“Habits help us through our day,” says Ian Newby-Clark writing for www.psychologytoday.com. “You have dozens, maybe even hundreds.”
As helpful as habits are in getting us through a day, what if some of them are not good for us? How hard are these habits to change? Meg Selig, also writing for www.psychologytoday.com, tells the inspiring story of Lance Lynn, pitcher for the St. Louis Cardinals. Well, he’d gotten into the familiar – and unhealthy – baseball habit of chewing tobacco. He also had a new daughter on the way and was able to quit, cold turkey, by using “one good thought”. When he thought about his daughter, and being around for her, it was enough to keep him from reaching for the tobacco.
“Reflecting on their core values,” writes Selig, “helped people become more open-minded to health advice.” Some examples Selig gives for “core values” are: family, life partner, belief in a higher power, friends, creativity, keeping your job.
And what better time is there to reflect on habits than near the start of another new year? It’s so wonderful, isn’t it? To get a brand new kick at the can every twelve months? Or, if you’re like me and go off the rails regularly, you could break it down to getting a new start each month, or week, or even day, perhaps?
If you read self-help books, you’ll find numerous recipes for continuous improvement, involving the various aspects of one’s life. You can make it as complicated as you wish. I have a brother-in-law who is a successful businessman and I’ve always liked his approach: KISS – Keep It Simple Stupid. Consequently, my husband B’s categories for his annual life plan for success are appropriate as there are only three to remember: Relationships, Finance, Health.
Ha. Put in that order you could read it this way: relationships finance health. Which is so true when you think of the Lance Lynn tale. It was the value he placed on his relationship with his new daughter that financed his health. That “core value” rose above the value he placed on fitting in with his co-workers – teammates – for his job which just finances his finance. Nurture your relationships and they will finance your health!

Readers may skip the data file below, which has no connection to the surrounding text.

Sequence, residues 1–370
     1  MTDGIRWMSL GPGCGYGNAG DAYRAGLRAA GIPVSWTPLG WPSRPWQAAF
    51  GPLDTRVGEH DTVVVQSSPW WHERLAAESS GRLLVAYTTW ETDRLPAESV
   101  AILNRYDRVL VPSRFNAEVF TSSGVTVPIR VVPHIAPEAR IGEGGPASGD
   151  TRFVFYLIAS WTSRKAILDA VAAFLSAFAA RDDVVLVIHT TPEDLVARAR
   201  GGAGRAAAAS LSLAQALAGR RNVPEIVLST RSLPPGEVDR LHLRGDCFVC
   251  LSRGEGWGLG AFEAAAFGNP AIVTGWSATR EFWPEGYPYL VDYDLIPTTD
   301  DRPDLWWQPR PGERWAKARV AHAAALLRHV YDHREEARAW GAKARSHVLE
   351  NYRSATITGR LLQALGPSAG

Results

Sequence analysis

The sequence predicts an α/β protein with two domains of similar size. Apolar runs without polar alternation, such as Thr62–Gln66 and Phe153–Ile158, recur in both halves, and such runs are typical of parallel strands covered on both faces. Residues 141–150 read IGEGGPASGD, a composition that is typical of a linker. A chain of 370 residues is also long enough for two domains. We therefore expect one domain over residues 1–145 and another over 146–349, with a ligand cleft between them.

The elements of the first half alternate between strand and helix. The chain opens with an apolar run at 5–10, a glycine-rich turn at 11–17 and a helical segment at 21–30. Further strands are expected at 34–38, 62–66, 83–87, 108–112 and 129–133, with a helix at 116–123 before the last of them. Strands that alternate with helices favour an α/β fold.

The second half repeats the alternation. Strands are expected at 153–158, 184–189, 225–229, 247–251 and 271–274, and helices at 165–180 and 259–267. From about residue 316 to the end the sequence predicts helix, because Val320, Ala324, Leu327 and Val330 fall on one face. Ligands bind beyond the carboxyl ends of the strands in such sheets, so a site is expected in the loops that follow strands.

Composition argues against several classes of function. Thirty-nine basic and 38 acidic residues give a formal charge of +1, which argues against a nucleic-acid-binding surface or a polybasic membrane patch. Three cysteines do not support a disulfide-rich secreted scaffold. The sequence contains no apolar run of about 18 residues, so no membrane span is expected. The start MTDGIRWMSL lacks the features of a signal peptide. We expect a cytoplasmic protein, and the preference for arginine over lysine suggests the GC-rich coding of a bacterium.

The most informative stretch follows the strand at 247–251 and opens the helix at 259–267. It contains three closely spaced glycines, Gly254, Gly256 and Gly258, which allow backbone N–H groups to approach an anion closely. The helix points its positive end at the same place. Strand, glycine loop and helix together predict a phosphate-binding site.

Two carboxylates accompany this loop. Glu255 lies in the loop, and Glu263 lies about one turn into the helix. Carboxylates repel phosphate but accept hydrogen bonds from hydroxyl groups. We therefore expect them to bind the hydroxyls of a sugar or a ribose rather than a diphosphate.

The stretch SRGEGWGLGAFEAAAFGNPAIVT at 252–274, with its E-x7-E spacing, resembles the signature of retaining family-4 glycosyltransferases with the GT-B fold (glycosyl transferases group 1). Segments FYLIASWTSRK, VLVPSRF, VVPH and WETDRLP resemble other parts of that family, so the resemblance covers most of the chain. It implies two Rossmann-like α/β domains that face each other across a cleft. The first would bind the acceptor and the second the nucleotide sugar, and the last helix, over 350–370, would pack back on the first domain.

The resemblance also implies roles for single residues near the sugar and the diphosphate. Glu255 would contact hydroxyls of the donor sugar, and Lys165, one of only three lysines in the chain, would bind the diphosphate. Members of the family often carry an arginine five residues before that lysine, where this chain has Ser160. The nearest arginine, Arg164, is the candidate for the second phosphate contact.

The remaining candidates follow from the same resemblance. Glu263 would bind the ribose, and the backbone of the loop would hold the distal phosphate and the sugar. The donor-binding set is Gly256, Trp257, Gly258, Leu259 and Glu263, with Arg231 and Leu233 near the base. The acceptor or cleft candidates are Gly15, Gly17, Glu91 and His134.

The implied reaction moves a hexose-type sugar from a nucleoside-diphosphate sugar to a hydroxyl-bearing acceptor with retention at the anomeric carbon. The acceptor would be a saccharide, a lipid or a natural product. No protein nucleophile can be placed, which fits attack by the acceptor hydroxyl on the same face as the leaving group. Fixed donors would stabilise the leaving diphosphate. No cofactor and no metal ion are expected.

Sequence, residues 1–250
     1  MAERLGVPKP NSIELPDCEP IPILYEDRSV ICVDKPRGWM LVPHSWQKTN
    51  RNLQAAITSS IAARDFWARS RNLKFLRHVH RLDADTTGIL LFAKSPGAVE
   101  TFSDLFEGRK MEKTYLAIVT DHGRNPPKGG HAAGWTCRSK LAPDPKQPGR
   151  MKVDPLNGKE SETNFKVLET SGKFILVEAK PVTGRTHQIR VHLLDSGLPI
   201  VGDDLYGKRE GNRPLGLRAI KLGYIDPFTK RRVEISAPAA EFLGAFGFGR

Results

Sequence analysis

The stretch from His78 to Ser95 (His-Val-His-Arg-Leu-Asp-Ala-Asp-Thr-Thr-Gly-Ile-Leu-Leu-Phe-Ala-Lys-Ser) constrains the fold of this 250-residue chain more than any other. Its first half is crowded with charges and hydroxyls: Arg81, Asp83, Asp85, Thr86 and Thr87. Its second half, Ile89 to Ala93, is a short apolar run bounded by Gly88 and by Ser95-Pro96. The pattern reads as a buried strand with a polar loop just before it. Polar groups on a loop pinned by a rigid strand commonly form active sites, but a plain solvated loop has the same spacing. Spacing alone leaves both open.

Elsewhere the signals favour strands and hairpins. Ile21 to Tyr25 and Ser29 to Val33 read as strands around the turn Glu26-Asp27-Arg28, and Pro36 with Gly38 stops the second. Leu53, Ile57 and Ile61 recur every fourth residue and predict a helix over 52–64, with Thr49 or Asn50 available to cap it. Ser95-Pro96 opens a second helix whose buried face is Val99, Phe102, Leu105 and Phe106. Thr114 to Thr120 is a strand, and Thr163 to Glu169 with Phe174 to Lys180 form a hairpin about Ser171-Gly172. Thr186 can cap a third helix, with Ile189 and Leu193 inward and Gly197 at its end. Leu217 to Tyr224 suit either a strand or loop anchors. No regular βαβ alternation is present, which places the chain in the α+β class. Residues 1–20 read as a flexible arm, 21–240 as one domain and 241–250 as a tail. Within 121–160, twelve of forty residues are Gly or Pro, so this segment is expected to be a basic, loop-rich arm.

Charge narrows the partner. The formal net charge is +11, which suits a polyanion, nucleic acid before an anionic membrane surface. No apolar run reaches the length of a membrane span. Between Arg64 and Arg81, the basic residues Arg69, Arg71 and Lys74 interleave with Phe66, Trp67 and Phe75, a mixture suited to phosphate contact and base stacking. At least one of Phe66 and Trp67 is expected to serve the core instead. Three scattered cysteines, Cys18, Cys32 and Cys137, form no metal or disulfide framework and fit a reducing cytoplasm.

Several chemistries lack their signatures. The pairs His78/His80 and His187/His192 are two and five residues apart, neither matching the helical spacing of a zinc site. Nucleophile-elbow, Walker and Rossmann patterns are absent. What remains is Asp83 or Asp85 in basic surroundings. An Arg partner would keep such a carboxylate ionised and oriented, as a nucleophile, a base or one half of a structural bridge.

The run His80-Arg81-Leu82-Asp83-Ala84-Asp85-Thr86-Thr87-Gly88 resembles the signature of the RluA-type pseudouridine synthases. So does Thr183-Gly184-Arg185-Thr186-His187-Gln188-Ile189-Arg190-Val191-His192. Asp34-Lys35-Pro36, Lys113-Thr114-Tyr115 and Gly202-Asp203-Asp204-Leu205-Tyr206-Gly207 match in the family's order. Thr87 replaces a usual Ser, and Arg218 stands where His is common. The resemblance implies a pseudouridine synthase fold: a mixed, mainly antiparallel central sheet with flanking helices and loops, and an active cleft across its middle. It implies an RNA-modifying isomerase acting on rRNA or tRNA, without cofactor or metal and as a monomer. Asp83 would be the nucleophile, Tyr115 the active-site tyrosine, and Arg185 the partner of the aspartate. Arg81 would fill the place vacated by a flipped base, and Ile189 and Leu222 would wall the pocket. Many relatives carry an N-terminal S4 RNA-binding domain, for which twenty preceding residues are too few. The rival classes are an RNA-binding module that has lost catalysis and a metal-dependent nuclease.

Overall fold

Relationships, as they are the foundation of our being, the origin of our very existence, are a perfect place to start a life plan, aren’t they? There are the intimate ones – spouse, parents, siblings, offspring. And friends, who can be just as intimate. And co-workers, who we often spend more time with than our close family and friends.
Over a fine New Year’s Eve dinner, B and I discussed relationships with another couple. B mentioned how he made a conscious decision last year to call his mother and brother, who don’t live near us, on a more regular basis than he’d been doing. Whether he has something specific to discuss or not. It makes him feel good, closer to them, and they seem to appreciate it.
Then this question came up. What if you have family members who never call? What if you’re the one who always has to initiate contact? We tossed that around for a bit and all decided that it doesn’t matter who does the calling. B pointed out that the effort is basically the same. A few buttons on a touch screen and voila. Contact made.
So, sitting by the fire the next day, I made a list of my personal relationships – husband, family, friends, co-work-outers (ha, I don’t have co-workers) – and I could see areas for improvement. More contact and more meaningful contact, conversation. For those in my daily life, like B, like my daughter, her children, more meaningful activities – hiking, swimming, cycling, playing, meals. For close friends who are busy with their own lives but whose company I enjoy, just regular contact through phone, text or email, to remind them, “Hey! How’s it going? Let’s get together soon.” And there are family members on the fringes I could keep in better touch with. (I think of my mother and her birthday list and amazing card sending.)